Effects of changes in body weight and insulin resistance on inflammation and endothelial function in morbid obesity after bariatric surgery
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AuthorVázquez, Luis Alberto; Pazos Toral, Fernando Antonio; Berrazueta Fernández, José Ramón de; Fernández-Escalante Moreno, José Carlos; García Unzueta, María Teresa; Freijanes Parada, Julio; Amado Señarís, José Antonio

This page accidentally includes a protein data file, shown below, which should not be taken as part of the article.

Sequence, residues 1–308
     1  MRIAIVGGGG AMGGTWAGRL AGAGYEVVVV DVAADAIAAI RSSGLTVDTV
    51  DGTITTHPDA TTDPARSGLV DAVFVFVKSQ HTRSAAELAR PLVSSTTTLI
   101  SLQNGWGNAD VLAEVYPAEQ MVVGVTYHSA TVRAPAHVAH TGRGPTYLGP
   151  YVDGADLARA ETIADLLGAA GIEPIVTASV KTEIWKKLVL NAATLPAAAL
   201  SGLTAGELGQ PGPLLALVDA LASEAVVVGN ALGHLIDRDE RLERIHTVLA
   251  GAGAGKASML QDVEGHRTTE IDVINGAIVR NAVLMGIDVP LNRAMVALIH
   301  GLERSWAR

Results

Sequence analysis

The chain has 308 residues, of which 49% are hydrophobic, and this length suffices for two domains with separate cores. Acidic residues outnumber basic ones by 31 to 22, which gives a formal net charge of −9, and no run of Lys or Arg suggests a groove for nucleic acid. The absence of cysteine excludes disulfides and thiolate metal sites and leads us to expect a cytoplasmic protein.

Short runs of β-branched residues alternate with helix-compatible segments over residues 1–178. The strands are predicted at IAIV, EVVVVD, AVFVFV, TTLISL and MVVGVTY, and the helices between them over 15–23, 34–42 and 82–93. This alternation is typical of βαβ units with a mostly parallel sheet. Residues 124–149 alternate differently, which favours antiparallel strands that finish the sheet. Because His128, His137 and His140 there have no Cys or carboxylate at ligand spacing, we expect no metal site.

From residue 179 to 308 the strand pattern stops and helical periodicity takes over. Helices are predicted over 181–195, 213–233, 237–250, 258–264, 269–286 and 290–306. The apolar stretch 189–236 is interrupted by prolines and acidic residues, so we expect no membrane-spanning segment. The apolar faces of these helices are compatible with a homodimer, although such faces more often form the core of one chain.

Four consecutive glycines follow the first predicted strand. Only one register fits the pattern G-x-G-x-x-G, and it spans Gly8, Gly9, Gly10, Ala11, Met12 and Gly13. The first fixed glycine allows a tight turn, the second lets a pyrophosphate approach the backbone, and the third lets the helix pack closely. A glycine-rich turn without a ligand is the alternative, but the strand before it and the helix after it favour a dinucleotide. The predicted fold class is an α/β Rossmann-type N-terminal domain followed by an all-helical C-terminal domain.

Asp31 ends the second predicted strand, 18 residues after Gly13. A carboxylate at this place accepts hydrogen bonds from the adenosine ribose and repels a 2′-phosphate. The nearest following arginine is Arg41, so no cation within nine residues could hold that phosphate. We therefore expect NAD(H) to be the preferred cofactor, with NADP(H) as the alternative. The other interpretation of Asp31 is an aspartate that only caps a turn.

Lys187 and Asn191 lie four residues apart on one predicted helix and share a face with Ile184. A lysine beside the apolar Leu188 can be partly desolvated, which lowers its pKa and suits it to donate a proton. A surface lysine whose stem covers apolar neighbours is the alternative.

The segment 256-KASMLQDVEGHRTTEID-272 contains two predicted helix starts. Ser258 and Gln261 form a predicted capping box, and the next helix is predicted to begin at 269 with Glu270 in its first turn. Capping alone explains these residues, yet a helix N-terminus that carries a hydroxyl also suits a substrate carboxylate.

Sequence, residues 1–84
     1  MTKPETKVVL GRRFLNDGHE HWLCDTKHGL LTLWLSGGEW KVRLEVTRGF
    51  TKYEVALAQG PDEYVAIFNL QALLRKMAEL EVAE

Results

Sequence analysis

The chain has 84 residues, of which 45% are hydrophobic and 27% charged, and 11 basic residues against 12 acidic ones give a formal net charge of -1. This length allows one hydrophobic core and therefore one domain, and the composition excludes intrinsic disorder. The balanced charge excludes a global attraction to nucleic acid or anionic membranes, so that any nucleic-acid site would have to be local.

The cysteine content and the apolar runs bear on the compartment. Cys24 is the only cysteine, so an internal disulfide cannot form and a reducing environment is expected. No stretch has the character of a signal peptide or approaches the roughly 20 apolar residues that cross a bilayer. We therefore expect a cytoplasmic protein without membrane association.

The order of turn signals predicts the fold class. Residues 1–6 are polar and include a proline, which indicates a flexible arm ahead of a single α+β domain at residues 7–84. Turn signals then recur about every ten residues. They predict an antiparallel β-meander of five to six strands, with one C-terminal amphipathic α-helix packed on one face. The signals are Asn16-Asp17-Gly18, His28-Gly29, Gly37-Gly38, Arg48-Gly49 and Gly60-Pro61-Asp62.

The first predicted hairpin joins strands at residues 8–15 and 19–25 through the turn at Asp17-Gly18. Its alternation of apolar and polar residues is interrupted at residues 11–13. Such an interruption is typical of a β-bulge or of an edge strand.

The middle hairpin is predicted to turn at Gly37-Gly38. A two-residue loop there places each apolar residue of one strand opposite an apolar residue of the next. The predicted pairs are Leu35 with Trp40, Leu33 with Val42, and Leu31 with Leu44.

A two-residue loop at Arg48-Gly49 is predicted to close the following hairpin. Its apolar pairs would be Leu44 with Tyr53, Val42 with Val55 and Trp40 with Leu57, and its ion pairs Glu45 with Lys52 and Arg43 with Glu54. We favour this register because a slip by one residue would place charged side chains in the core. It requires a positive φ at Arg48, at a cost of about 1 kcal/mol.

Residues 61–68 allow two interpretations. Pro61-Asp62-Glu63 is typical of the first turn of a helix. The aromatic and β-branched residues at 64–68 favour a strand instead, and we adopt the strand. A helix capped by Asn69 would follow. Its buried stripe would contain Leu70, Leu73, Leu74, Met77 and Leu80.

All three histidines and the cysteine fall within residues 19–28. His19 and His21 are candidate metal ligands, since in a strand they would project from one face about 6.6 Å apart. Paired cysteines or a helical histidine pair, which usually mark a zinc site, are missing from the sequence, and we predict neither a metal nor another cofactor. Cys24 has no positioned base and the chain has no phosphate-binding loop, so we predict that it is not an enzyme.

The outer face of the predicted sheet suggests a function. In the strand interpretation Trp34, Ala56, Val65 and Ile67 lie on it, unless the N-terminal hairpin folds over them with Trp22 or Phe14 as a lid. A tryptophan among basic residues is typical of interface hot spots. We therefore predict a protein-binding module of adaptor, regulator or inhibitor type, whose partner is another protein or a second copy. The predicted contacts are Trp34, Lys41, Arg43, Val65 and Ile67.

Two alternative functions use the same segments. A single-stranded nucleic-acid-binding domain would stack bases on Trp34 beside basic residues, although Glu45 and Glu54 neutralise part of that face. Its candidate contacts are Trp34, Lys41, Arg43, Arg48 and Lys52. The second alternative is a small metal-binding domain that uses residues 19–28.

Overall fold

Metabolic alterations such as insulin resistance are thought to underlie the endothelial dysfunction and low grade inflammation found in morbid obesity. Twenty-six morbidly obese patients, aged 39.0 +/- 10.0 (mean +/- sd), were evaluated before and 4.2 +/- 0.8 months after bariatric surgery. A marked increment in the insulin sensitivity index (S(I)) and the endothelium-dependent vasodilatory response in a dorsal hand vein was observed after weight loss following bariatric surgery. Circulating levels of E-selectin, P-selectin, plasminogen activator inhibitor-1, and von Willebrand factor, which were higher than those in the control group, decreased significantly after surgery. Plasma vascular cell adhesion molecule-1, angiotensin-converting enzyme, intercellular adhesion molecule-1, thrombomodulin, and plasma and intraplatelet cGMP levels did not change after weight loss. All inflammatory markers were higher in morbidly obese patients. After surgery, C- reactive protein and sialic acid diminished, whereas circulating levels of IL-6, TNF-alpha, and its soluble receptors did not. Positive correlations were found between changes in adiposity and S(I) and changes in C-reactive protein and between changes in sialic acid and changes in endothelial function. In conclusion, a marked improvement in S(I), endothelial function, and low grade inflammation was observed in the weight-losing, morbidly obese patients after bariatric surgery. S(I) and adiposity appear to play roles in obesity-related, low grade inflammation that contribute to the endothelial dysfunction observed in morbid obesity.
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